Just for the sympathetic vibration. I definitely want to try it.

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        • #37
          KC9UDX. For some reason, the answer I gave to your question about putting mikes inside digitals for sympathetic resonance is not there any more - just the quote from your post.

          For the record, Yamaha did just that for some years, they called it iAFC. Inter Active Field Control. It worked effectively but technology has marched on a long way since. Now we have damper resonance and sympathetic string resonance as a matter of course from mid range digital pianos upwards. In fact Kawai have now put it into sub $1000 pianos.

          No it won't ring if you shout next to it, but it is very effective! As for actions, some top end digitals from Yamaha and Kawai are now taking a real grand piano action and transplanting it!
          It's not what you play. It's not how you play. It's the fact that you're playing that counts.

          New website now live - www.andrew-gilbert.com

          Current instruments: Roland Atelier AT900 Platinum Edition, Yamaha PSR-S970, Kawai K1m
          Retired Organs: Lots! Kawai SR6 x 2, Hammond L122, T402, T500 x 2, X5. Conn Martinique and 652. Gulbransen 2102 Pacemaker. Kimball Temptation.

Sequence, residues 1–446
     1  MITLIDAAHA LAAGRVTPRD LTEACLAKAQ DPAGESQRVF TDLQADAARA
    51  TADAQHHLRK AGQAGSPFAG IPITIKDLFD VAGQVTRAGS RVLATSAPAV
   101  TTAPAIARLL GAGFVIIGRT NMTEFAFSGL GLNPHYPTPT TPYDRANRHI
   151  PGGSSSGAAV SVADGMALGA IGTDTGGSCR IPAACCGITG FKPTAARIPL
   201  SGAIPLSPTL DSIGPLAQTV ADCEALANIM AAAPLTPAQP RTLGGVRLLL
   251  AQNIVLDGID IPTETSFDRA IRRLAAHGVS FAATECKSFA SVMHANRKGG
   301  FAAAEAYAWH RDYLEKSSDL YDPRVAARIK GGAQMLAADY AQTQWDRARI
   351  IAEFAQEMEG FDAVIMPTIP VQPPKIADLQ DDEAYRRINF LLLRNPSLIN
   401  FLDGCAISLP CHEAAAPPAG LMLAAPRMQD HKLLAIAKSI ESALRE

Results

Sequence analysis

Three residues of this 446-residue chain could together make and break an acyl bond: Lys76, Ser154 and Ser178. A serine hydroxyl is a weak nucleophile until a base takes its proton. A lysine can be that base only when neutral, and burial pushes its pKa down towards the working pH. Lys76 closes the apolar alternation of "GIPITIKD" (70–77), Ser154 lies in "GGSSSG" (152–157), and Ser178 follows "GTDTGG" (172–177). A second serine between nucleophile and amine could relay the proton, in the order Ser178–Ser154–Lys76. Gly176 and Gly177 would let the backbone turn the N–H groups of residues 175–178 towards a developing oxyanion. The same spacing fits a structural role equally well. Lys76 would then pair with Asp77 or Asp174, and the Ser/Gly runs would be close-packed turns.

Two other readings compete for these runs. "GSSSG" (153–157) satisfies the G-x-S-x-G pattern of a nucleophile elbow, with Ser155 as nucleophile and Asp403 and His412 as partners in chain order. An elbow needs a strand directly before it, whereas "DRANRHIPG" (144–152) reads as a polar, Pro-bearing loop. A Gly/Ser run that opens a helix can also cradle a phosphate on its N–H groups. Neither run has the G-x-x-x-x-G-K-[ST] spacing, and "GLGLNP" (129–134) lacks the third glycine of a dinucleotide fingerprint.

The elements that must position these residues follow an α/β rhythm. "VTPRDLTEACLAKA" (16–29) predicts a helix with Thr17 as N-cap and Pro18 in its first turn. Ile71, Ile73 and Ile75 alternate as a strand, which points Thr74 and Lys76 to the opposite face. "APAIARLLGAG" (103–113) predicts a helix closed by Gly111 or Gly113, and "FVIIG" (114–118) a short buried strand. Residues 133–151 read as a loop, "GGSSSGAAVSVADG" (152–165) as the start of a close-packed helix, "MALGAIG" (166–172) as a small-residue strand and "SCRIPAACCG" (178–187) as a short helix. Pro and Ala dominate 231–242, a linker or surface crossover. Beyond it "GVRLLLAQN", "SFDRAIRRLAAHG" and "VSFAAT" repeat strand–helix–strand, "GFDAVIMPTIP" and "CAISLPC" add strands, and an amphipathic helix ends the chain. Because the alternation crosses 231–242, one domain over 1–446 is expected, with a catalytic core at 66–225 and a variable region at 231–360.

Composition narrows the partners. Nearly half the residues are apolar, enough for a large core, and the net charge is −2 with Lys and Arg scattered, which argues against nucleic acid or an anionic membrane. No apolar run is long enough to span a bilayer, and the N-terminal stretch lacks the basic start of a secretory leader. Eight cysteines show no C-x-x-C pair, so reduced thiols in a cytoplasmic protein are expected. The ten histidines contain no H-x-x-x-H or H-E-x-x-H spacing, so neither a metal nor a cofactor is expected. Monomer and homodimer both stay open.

Retired Leslies, 147, 145 x 2, 760 x 2, 710, 415 x 2.
          Retired synths: Korg 700, Roland SH1000, Jen Superstringer, Kawai S100F, Kawai S100P, Kawai K1

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          • snacks
            snacks commented
            Editing a comment
            Just a couple months ago a friend told me about a Kawai piano with the real grand action. Sounds like a great idea, if a bit heavy. In the end my friend went with a Roland keyboard for portability - he had trouble getting the Kawai up and down stairs for gigs, and the hard case didn't help the weight

        • #38
          I love the idea of the real piano action. btw do pipe organs have sympathetic resonance?

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          • snacks
            snacks commented
            Editing a comment
            Not to the extent a piano does, I don't think... But I'd never thought of that. I'm guessing the sound is lost in a pipe organ sized room where you're not as close to the pipes as you are to a piano's strings

        • #39
          Originally posted by davidecasteel View Post